AG May Suspend MMJ Registration in Alaska

AG May Suspend MMJ Registration in Alaska
Posted by CN Staff on June 07, 2005 at 09:06:07 PT
By Timothy Inklebarger, The Associated Press
Source: Juneau Empire
Alaska -- The state attorney general's office says it may suspend Alaska's medical marijuana registration list in response to the U.S. Supreme Court decision Monday allowing the federal government to override state laws allowing medical marijuana.Alaska is one of 10 states where marijuana use is legal with a doctor's prescription. Attorney General David Marquez said the ruling in the California case may have significant implications for Alaska's laws.
"Alaska's medicinal use law is very similar to the law in California," Marquez said in the statement. "Today's decision did not strike down the California law but rather reaffirmed the authority of the federal government to regulate marijuana. The question we must analyze is whether and how the state medicinal use laws can continue to operate in light of this ruling."Department of Law spokesman Mark Morones said the attorney general's office is considering suspending the registration process in Alaska, where patients with a prescription for marijuana can be put on a list to receive a card showing they are entitled to use the drug.The Alaska Bureau of Vital Statistics says 198 people are currently on the list.Exactly half of the users live in the Kenai Peninsula Borough, according to the bureau. Twelve users live in the Fairbanks North-Star Borough, 33 live in Anchorage and 17 in the Matanuska-Susitna Borough. Other boroughs and cities have eight or fewer registered users.Morones said he is not sure how the Law Department would pursue ending the registration process or whether it can be done without legislative action.Dr. Dick Mandsager, director of the state Division of Public Health, said once patients are put on the list and receive a registration card, they are usually on their own in finding the drug."You've always been on your own," Mandsager said. "People that have a prescription have always understood this difficulty."Deborah Smith, first assistant U.S. attorney in Anchorage, said the decision doesn't represent a change for federal prosecutors."It's illegal under federal law," she said. "It's always been illegal under federal law."ACLU of Alaska Executive Director Michael Macleod-Ball said he was not surprised that the ruling favored federal authority over the state's. But he said he does not believe it invalidates Alaska's medical marijuana laws."You're not going to see Alaska resources used to enforce federal law," he said.He said federal law enforcement officials could use the state list to identify registered users."Are they going to use their resources to chase down medical marijuana users or for more legitimate purposes?" Macleod-Ball said. Complete Title: AG May Suspend Medical Marijuana Registration in Alaska Source: Juneau Empire (AK)Author: Timothy Inklebarger, The Associated PressPublished: June 7, 2005 Copyright: 2005 Southeastern Newspaper CorpWebsite: letterstotheeditor juneauempire.comRelated Articles & Web Site:Angel Raich v. Ashcroft News Medical Pot Users Disheartened by Decision Patients Remain Defiant's Users Say Ruling Won't End Their Efforts 
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Comment #4 posted by FoM on June 07, 2005 at 11:34:12 PT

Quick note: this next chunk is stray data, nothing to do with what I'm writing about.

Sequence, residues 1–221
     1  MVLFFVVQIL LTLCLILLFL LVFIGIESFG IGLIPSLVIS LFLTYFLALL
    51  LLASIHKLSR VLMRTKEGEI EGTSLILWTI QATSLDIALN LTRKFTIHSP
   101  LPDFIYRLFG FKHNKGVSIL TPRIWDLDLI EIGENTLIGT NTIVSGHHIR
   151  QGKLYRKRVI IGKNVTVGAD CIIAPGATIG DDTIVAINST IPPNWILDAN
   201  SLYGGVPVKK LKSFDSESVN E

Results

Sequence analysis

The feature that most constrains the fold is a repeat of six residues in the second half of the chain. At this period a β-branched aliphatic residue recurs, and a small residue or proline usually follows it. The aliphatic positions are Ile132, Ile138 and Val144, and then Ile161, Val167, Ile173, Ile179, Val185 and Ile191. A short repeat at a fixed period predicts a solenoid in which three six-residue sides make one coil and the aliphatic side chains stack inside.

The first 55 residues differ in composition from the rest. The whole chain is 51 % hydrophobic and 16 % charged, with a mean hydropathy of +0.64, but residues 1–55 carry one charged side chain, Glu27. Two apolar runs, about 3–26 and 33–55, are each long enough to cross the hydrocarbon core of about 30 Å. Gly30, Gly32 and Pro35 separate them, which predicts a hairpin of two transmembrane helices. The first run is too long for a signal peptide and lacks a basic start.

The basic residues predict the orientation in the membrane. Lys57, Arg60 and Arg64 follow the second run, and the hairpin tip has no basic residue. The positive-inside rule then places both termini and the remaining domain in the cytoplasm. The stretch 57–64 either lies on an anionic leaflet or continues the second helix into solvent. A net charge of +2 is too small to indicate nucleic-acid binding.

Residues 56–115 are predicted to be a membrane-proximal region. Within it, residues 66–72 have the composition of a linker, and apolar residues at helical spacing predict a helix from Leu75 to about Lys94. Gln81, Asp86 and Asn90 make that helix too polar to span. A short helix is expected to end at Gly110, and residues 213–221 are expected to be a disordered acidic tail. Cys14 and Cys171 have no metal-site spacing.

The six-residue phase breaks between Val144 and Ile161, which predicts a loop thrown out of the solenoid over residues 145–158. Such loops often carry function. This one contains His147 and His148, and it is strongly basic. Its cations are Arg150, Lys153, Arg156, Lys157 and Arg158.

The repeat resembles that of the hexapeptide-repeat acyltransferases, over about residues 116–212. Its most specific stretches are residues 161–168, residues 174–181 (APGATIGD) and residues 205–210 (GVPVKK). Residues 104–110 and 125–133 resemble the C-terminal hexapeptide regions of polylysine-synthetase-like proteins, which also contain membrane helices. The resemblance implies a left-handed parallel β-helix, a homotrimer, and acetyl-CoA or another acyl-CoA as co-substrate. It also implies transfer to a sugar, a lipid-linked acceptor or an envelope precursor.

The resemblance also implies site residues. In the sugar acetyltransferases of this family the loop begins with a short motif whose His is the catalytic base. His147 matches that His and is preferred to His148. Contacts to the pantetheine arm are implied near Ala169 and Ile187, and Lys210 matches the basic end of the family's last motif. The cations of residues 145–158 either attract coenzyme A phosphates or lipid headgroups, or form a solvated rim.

I just posted this article from Alaska. Maybe this will help clarify your question.For Alaska, Marijuana Situation Status Quo, Officials Indicate :
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Comment #3 posted by runderwo on June 07, 2005 at 11:05:21 PT
I thought personal possession and use of up to 4 oz was legal in Alaska for any reason?
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Comment #2 posted by MikeEEEEE on June 07, 2005 at 10:25:06 PT
The decision only gives excuse to what they want to do anyway.
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Comment #1 posted by FoM on June 07, 2005 at 09:18:35 PT
News Articles from Snipped Source: SFC
Medical Pot Users Say They Won't Stop Court's ruling: States can't shield patients from U.S. lawBob Egelko, Chronicle Staff WriterTuesday, June 7, 2005The U.S. Supreme Court delivered a blow to the medical marijuana movement Monday, ruling that the federal government has the power to prosecute patients whose actions are legal under state law. The 6-3 ruling rejected two Northern California women's claims that the marijuana they take for serious medical conditions is beyond the constitutional reach of federal drug laws because it is locally grown and supplied without charge. The ruling comes four years after the court allowed federal authorities to shut down an Oakland medical marijuana club and spurned the club's claim that it had a right to serve patients with dire medical needs. Snipped: Complete Article:***Editorial: Medical Pot, After The RulingTuesday, June 7, 2005The U.S. Supreme Court's disappointing decision Monday allowing the federal government the power to prosecute medical-marijuana patients such as Angel Raich of Oakland and Diane Monson of Oroville (Butte County) was a setback for thousands of patients who live in states where the residents thought they had legalized medical marijuana. But it could not have happened at a better time. Next week, Congress will vote on the Hinchey-Rohrabacher amendment that would prevent the Justice Department from spending money on arresting or prosecuting medical-marijuana patients in states that have declared the use legal. The amendment, which is part of an appropriations bill, was defeated last year but received 152 votes in Congress. Snipped:Complete Article:
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